Eugene H. Bass. D.M.D., P.C.
 
Call us at:
500 New Hempstead Rd, Ste H
New City, NY 10956
 
 
 
 
 
 

FAQs

 
 
Information from the Academy of General Dentistry (AGD) oral health fact sheets or the AGD's consumer website www.KnowYourTeeth.com.
What is cosmetic dentistry and how can it improve my smile?
Your dentist can perform a variety of cosmetic procedures to improve your smile – from subtle changes to major repairs. There are many techniques and options to treat teeth that are discolored chipped, misshapen, or missing. Your dentist can reshape your teeth; close spaces restore worn teeth, or alter the length of your teeth. Common procedures include teeth whitening, bonding, caps, crowns, veneers and reshaping and contouring.
What is teeth whitening?
Teeth whitening is a common and popular chemical process used to lighten teeth. Some people get their teeth whitened to make stains disappear, while others just want a brighter smile. Discoloration, which occurs in the enamel, can be caused by medication, coffee, tea, and cigarettes. Discoloration also can be due to your genetic makeup or simply from aging. Teeth whitening can be performed by your dentist in the office or, under dental supervision, at home.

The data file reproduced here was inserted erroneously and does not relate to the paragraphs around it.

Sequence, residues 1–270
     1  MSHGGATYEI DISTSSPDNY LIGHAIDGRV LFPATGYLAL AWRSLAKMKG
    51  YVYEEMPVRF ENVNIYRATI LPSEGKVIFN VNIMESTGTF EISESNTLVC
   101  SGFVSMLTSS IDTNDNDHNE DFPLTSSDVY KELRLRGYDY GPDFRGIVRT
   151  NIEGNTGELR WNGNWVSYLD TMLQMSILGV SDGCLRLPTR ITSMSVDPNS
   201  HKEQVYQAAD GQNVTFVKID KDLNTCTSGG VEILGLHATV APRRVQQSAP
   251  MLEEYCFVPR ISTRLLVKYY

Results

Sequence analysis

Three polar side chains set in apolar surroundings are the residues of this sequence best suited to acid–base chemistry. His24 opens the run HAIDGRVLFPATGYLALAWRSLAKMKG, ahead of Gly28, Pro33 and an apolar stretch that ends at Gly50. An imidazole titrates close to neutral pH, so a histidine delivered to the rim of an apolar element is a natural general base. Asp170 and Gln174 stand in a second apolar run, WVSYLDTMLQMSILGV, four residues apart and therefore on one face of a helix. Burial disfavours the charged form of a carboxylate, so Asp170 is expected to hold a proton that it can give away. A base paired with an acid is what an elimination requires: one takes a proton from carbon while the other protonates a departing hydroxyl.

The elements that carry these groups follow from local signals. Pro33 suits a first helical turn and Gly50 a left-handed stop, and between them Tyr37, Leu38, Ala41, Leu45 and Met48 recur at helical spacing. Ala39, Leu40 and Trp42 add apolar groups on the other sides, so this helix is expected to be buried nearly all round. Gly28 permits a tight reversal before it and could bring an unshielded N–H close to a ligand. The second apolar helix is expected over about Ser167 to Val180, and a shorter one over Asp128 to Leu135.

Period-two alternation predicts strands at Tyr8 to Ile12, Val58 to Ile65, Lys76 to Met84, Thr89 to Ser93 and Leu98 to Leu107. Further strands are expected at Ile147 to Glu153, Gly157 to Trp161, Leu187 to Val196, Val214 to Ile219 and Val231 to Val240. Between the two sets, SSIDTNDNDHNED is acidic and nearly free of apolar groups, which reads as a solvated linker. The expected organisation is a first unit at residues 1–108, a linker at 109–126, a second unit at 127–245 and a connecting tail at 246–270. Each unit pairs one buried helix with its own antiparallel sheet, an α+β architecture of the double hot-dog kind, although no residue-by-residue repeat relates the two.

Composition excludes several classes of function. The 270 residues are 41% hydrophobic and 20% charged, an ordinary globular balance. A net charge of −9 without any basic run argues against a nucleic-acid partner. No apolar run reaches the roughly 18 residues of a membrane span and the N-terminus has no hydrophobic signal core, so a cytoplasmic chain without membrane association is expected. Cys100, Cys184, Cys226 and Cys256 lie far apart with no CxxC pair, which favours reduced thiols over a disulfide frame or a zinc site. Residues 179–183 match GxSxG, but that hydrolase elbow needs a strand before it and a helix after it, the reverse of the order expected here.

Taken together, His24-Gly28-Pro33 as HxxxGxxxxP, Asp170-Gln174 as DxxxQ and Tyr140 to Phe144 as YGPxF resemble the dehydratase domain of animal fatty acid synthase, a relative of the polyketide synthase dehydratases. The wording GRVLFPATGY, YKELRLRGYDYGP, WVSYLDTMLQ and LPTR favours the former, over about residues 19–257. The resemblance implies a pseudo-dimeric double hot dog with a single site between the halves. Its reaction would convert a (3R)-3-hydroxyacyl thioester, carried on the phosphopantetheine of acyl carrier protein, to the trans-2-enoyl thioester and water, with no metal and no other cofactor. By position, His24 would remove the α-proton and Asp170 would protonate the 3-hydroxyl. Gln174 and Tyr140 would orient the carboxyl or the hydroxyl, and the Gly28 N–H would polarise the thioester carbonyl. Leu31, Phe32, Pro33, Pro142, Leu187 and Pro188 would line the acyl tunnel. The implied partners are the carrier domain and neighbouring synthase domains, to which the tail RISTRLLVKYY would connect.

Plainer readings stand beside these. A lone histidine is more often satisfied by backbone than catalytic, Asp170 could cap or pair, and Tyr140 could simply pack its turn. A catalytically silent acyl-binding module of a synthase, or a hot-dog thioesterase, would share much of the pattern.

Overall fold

What is bonding?
Bonding is the use of tooth-colored material to fill in gaps or change the color of teeth. Bonding last several years and often requires only a single office visit. Bonding is more susceptible to staining or chipping than other forms of restoration. When teeth are chipped or slightly decayed, bonded composite resin may be the choice. Bonding also is used to fill small cavities to close spaces between teeth, or to cover the entire outside surface of a tooth.
What are veneers?
Veneers are placed over the front teeth to change the color or shape of your teeth. Veneers are used on teeth with uneven surfaces; on teeth that are chipped discolored, oddly shaped, unevenly spaced, or crooked; or on teeth that already have large filling placed. Veneers are thin pieces of porcelain or plastic that are cemented over the front of your teeth. Veneers are used to treat some of the same problems that bonding is used to treat. Veneers also are an alternative to crowns.

The Replacements

When people lose or break their teeth, the teeth may be replaced with implants. What's involved, an are the benefits? Read on to learn more.
What are implants?
Dental implants are artificial tooth roots that are surgically anchored to jaw to hold a replacement tooth or bridge in place. One of the major benefits of implants is that they do not rely on neighboring teeth for support and they are permanent and stable. Implants are a good solution to tooth loss because they look, and feel like natural teeth.